Integrating Workstations, Conveyor Systems

By Joy M. Ebben, Ph.D, CPE
Human Factors and Ergonomic Specialist, Treston IAC LLC, Brea, Calif.

Parrallel layouts... can reduce awkward postures and improve line of sight in both directions...

In manual assembly operations, using workstations with conveyors creates a common ergonomic problem. Typically, operators are forced into awkward, nonneutral working postures while the conveyors generate contact force on arms, wrists or legs.

Ergonomic workstation design has improved integration with conveyors for seated operations. Achieving proper working height for standing operations is costly when conveyors are involved.

Why Use Conveyors?

The conveyor, not the worker, moves the product. This reduces material handling time and human energy expended.

Sometimes it is better for one person to complete all the assembly tasks. Not only does this lead to job enlargement, and possibly increased job satisfaction, it could reduce risk of musculoskeletal disorders.

Besides creating ergonomic problems for the workstation configuration, conveyor systems are usually in fixed configurations. A straight-line conveyor cannot be easily reconfigured into a U-shaped conveyor. Confirm that an integrated workstation/ conveyor system is correct for your operation.

The primary conveyor application for moving product between people is in-line assembly. For example, each person performs a small number of assembly steps relatively quickly and several people complete all steps.

Layout Considerations

Typical workstations/conveyor layouts position the station either perpendicular or parallel to the conveyor.

A perpendicular orientation usually forces the user into awkward postures while moving items on ad off the conveyor. The extent of this problem depends on the size of the workstation, the operator’s location, and the size and shape of the item being moved. Another shortcoming of a perpendicular layout is that workers can’t easily see product and people in both directions.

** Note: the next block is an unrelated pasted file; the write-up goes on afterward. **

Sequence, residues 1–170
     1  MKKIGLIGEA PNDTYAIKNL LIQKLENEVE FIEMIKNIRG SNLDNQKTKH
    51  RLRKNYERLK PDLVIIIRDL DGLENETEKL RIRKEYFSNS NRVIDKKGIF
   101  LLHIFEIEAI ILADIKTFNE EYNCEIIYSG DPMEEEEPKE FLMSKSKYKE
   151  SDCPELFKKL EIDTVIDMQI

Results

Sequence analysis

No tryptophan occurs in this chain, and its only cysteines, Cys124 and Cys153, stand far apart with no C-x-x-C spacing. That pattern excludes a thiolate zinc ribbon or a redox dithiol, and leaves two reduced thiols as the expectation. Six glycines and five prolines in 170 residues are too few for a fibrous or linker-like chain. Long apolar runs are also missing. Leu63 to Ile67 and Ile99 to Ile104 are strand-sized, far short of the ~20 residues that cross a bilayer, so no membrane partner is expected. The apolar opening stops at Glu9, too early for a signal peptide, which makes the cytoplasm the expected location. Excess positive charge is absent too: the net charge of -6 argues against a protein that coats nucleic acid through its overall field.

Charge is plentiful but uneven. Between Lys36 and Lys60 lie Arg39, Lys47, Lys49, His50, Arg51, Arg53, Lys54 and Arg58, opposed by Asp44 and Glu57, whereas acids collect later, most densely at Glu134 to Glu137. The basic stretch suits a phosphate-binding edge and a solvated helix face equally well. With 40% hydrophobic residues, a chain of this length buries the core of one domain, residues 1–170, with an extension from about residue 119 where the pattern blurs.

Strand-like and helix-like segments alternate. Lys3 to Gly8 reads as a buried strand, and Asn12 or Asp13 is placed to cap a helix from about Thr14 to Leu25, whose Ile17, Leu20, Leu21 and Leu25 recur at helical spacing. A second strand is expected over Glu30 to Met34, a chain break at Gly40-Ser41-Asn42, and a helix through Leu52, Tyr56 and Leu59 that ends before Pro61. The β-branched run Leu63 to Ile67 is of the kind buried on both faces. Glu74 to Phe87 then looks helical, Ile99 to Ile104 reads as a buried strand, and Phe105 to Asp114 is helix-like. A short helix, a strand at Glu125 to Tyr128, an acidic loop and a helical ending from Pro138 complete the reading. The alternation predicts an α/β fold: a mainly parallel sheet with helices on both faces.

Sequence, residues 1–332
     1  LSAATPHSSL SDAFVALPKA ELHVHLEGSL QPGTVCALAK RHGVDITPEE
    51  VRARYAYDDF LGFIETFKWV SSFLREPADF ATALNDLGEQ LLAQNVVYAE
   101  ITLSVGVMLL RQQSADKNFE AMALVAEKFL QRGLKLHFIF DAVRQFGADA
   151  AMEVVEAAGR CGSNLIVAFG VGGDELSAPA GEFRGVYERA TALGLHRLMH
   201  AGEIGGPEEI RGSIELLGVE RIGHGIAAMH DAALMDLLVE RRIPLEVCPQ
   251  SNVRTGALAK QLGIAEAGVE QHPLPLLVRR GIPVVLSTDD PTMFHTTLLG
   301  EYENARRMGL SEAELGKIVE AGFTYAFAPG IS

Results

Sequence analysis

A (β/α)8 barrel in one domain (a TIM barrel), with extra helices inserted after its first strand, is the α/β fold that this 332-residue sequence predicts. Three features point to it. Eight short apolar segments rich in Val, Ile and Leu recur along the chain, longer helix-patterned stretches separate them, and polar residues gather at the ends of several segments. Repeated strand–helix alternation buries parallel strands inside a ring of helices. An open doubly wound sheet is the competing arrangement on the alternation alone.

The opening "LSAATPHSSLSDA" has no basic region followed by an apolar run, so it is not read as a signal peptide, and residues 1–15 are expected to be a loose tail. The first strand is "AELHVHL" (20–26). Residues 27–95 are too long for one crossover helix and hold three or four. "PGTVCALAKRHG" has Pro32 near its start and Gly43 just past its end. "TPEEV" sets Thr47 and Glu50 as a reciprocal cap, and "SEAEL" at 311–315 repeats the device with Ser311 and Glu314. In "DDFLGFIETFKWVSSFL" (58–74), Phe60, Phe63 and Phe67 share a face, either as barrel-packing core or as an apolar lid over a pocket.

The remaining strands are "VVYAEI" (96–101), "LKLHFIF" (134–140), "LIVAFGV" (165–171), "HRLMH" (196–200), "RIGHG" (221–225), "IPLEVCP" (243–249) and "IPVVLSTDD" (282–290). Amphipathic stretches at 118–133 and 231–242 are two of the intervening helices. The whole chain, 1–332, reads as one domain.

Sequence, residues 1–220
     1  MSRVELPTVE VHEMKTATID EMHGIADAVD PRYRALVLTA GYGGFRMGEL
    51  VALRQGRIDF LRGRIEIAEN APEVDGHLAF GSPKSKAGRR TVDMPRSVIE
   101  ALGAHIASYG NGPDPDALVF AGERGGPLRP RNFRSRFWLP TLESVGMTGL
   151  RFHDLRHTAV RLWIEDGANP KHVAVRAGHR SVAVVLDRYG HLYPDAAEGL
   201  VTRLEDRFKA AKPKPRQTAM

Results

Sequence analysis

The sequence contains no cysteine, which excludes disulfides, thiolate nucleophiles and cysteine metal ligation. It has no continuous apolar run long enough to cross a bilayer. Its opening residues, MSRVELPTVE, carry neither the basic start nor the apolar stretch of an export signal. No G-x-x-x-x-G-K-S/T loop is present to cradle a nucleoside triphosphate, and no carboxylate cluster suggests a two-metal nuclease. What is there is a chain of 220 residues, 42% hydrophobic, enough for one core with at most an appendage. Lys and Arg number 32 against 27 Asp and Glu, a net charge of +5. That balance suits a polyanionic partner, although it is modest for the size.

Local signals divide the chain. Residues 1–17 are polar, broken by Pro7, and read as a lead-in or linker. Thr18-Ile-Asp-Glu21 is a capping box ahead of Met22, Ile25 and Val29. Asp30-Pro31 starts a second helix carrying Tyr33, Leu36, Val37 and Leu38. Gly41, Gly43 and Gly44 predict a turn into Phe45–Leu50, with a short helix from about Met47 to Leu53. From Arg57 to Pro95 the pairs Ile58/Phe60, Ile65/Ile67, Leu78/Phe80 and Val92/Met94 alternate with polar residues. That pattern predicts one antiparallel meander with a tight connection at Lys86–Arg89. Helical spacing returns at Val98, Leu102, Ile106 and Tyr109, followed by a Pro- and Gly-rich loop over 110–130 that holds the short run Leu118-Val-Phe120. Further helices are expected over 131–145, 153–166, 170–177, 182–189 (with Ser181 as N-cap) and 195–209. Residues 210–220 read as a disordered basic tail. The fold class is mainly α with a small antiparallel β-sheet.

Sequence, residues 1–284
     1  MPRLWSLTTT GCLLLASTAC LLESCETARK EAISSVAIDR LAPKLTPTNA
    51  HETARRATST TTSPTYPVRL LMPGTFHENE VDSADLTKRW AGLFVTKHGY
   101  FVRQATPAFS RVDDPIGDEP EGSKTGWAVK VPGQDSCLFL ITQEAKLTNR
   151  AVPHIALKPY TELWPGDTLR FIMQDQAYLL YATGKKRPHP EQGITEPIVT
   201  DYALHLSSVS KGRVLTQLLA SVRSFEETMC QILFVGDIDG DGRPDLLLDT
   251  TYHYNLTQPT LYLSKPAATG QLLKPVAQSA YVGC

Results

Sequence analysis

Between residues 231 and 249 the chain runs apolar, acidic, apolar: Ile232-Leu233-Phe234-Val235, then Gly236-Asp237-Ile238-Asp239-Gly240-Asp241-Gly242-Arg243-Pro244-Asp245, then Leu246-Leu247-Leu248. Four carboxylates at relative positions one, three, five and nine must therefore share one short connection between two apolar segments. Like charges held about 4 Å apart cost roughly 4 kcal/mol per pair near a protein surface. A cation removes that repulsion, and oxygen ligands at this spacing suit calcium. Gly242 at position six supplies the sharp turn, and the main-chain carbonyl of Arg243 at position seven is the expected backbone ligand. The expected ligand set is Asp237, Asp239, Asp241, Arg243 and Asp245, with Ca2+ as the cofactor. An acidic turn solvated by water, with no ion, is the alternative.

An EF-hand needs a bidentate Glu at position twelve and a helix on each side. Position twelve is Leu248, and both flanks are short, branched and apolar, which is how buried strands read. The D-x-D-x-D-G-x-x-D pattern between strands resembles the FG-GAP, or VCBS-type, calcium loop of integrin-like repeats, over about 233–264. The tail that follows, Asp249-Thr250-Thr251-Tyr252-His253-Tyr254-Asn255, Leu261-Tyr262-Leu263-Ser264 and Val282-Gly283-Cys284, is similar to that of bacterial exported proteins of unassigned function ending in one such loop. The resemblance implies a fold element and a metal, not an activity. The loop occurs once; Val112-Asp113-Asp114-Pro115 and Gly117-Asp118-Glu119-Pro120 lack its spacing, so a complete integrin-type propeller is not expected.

Parallel layouts, however, reduce awkward postures and improve line of sight in both directions if they are designed properly. In either configuration, a good design for seated operations provides the following:

  • Minimal reach distances to the conveyor—depending on reach frequency, item weight, item size and conveyor width. This requires a narrow worksurface but one large enough to store tools and perform tasks. Distances include vertical as well as horizontal reach if the conveyor is located above the worksurface.
  • Sufficient clearance for knees, legs and toes underneath the worksurface and conveyor. Depending on the design, this may require a thinner conveyor system.
  • Accommodation for different working height requirements of different employees through the use of adjustable chairs and footrests. The appropriate adjustment range for the chair and footrest is calculated based on working height and employee stature. Position the worksurface for the tallest employee; then adjust for shorter people.
  • Assistance with moving heavy items off and onto the conveyor. Ball-transfer systems can be useful for this.
  • Minimal contact stress between body parts, the front edges of worksurfaces, and with the metal components of the conveyor system.

Considering assembly workstations with conveyor systems? Address ergonomic issues to avoid exposing employees to musculoskeletal risks. A professional ergonomist can help you design a successful implementation.